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50th Anniversary of Apollo 17: The Last Mission to the Moon

Most people alive at the time remember the first men on the moon (Apollo 11) but few remember where they were when the Apollo 17 astronauts landed. This course will address why Americans embarked on this mission to investigate the lunar surface firsthand and the role it played in global politics.

Apollo 17 became the last lunar landing mission of NASA’s Apollo program when future flights were canceled due to their astronomical costs. It also represents the most recent time humans have set foot on the Moon or traveled below low Earth orbit. What did scientists learn during the last of these manned missions? How has the data collected from the instrumentation deployed and samples returned helped us better understand more about the Earth as well as the Moon? And will we, or any nation, ever return to the Moon?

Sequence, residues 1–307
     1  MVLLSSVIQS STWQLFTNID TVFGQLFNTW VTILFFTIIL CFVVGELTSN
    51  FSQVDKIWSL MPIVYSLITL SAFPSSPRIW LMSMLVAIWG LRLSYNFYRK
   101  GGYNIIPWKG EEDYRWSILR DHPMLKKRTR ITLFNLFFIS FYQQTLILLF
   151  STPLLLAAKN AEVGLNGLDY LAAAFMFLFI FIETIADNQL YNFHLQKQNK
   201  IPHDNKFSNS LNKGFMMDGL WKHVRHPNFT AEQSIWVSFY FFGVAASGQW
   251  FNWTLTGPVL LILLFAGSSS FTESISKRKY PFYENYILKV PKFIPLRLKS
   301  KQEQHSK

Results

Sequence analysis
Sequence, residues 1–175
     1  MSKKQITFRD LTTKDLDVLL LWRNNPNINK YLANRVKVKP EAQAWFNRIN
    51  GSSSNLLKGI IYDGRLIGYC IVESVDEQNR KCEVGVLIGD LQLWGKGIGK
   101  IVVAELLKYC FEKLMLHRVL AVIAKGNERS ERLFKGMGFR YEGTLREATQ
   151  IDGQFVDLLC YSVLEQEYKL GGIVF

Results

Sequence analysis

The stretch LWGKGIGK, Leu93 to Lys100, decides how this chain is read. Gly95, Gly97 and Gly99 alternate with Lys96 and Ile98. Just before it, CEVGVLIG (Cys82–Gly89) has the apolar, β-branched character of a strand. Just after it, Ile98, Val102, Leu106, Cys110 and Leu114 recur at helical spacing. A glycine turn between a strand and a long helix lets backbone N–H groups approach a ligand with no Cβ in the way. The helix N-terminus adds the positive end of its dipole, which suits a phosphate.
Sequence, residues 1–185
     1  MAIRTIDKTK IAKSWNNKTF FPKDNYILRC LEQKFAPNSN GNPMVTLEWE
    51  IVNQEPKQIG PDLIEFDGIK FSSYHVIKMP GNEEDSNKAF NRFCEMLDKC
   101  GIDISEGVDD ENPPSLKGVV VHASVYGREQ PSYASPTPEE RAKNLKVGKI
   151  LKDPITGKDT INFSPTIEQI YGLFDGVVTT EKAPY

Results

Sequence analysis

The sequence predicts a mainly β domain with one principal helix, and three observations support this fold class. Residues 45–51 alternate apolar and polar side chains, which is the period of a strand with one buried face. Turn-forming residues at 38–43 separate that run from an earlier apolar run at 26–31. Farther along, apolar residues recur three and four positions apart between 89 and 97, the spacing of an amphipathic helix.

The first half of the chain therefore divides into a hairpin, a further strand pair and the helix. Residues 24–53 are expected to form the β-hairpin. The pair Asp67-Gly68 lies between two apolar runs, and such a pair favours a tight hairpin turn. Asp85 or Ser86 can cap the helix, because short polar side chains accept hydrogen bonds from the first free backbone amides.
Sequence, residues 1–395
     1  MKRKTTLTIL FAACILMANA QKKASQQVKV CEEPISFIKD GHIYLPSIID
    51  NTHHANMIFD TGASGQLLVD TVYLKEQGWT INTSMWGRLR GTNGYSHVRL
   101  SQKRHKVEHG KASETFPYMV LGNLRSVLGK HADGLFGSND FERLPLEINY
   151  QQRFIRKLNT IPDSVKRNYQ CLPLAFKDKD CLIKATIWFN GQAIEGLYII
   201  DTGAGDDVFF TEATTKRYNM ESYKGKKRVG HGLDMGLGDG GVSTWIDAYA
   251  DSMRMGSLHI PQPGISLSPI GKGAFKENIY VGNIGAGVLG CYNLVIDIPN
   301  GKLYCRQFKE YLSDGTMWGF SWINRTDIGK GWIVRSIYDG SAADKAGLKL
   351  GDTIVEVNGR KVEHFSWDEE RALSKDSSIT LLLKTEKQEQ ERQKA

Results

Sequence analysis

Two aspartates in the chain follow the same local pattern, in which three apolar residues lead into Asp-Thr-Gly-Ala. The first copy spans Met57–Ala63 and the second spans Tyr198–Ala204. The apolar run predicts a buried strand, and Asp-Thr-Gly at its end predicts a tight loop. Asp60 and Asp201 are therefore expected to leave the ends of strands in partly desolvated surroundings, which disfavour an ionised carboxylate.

Ralph Allen is Professor Emeritus of Chemistry, Environmental Sciences, and Public Health Sciences at the University of Virginia, where he also served as Associate Vice President for Research. He was one of the small group of scientists chosen to analyze samples of material brought back from the moon on all the manned lunar missions (Apollo 11 to Apollo 17) as well as materials returned by the Russian Luna unmanned missions.

There are no scheduled sessions at this time. Sign up to be notified when this course is available.

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